Roberts, Jenkins predict congressional action on guns in wake of mass shooting at Florida high school
Topeka ? U.S. Sen. Pat Roberts of Kansas and 2nd District Rep. Lynn Jenkins, both Republicans, said Thursday that they expect Congress to take up some kind of gun control legislation, possibly within the next week.
The renewed push for gun control has gained momentum in the wake of a mass shooting at a Florida high school Feb. 14 that left 17 students and staff dead and 14 more people injured.
“I think this is one of those things where we have endured so much, and then this one was so obvious that it could have been prevented that there’s a feeling in Congress, look, let’s get this done,” Roberts told reporters during a stop in Topeka.
“I think there’s going to be a vigorous debate when we get back next week over how we move forward,” Jenkins said. “This is becoming all too common. I think our constituents are demanding some kind of solution.”
Roberts and Jenkins were both in Topeka to tour the new DaVita Wanamaker Dialysis Center, a facility that provides outpatient dialysis treatment for people with kidney failure. Both helped push through recent legislation that helps speed up the process of inspecting new facilities so they can be certified to bill Medicare.
Their visit came just a little more than a week after the mass shooting at Marjory Stoneman Douglas High School in Parkland, Fla.
The accused gunman in that massacre, 19-year-old Nikolas Cruz, reportedly used an AR-15 assault-style rifle with large-capacity magazines, all items he was able to buy legally under Florida law.
“If people want that, then they’re going to have to be older, obviously,” Roberts said of that type of gun. “They’re going to have to have training, if that’s the case. Hunters don’t use that. Or, if they do, they shouldn’t.”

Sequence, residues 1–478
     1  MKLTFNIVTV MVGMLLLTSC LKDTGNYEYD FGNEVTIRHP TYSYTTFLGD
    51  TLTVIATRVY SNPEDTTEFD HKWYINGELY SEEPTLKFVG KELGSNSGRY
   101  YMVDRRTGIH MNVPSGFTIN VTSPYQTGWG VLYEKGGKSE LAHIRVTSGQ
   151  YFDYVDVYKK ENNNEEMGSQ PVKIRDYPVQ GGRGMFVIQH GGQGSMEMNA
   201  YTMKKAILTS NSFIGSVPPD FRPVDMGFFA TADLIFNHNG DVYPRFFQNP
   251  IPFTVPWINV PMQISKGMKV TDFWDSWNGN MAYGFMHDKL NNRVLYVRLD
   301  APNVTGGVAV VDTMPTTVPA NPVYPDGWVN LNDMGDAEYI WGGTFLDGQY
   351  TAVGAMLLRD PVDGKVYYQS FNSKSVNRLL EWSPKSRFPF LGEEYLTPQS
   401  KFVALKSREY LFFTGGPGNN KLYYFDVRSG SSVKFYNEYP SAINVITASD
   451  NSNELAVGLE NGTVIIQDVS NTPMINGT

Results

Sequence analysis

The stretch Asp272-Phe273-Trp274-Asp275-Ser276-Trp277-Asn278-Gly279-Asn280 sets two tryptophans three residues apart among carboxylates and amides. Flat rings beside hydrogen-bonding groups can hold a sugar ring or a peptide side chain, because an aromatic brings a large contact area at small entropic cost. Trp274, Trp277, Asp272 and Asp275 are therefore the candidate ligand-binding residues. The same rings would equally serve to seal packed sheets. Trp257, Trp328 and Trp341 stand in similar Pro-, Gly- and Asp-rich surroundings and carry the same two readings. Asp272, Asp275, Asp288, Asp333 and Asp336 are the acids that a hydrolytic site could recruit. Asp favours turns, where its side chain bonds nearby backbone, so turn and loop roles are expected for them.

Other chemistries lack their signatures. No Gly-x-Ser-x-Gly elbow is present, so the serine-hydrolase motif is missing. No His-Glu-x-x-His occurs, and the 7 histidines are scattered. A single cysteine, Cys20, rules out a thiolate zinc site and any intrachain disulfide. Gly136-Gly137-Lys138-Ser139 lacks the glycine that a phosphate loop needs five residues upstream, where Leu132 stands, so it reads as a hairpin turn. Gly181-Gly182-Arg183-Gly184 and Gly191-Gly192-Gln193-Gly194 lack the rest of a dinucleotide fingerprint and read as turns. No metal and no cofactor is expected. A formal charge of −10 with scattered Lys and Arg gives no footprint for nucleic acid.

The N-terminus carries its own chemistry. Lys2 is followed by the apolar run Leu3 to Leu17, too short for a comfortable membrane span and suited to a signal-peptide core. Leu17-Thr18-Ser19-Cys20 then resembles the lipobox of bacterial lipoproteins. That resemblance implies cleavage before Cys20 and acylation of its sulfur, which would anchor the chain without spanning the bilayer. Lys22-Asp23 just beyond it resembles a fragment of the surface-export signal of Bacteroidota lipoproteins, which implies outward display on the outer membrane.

Roberts also said he supports a ban on so-called “bump stocks” that enable a semi-automatic rifle like the AR-15 to operate like a fully automatic weapon.
That type of device was used in another mass shooting Oct. 1 in Las Vegas that left 58 people dead and hundreds injured.
Jenkins, however, was less specific about the types of gun control measures she would support.
“I’m sure there are,” she said. “We’re in the process of kind of going through a list and touching base with our constituents, the people I work for, to see what they support. Kansas is big on the Second Amendment, but yet I think there’s not a Kansan that’s not sympathetic to the crisis we keep seeing occur almost every month.”
For the past several years, Congress has been reluctant to take up any kind of gun control measure, due largely to heavy lobbying from the National Rifle Association. But Roberts said he thinks that will change in light of the Florida shooting.
“I think the NRA is going to be a little flexible on this. I really do,” he said. “I think it would be in their best interest.”
The issue of gun violence in schools also arose in the Kansas Legislature Thursday, where Republican leaders in the Kansas House called off debate on a bill that would have authorized public schools to provide firearm safety education programs.
More specifically, it would have directed the Kansas State Board of Education to establish curriculum guidelines based on programs currently offered by the National Rifle Association and the Kansas Department of Wildlife, Parks and Tourism.
House Speaker Ron Ryckman, R-Olathe, said the decision to pull the bill off the debate calendar was not related to emotions surrounding the recent Florida massacre.
“There are more comprehensive discussions going on about how to keep our kids safe,” he said in an interview. “We want it to be part of a bigger solution. Obviously we’re supportive of training for our kids and (having) them more comfortable around guns, or to know what to do when they find one. We’re going to be looking at a larger, more comprehensive look at how we keep our kids safe.”
House Minority Leader Jim Ward, D-Wichita, however, said in a separate interview that the timing of the discussion made some House members uncomfortable.
“I think it showed a lack of understanding of the volatility of this issue,” he said. “The world changed last week, and I think the NRA is much slower to catch up with the rest of the world.”
Because that bill originated from the Federal and State Affairs Committee, it is exempt from Thursday’s “turnaround” deadline for most bills to pass out of their chambers of origin. That committee can introduce new bills at any time during the session, and those bills can be debated and voted on by the House at any time.
Ryckman said the gun safety education bill will return in another form later in the session.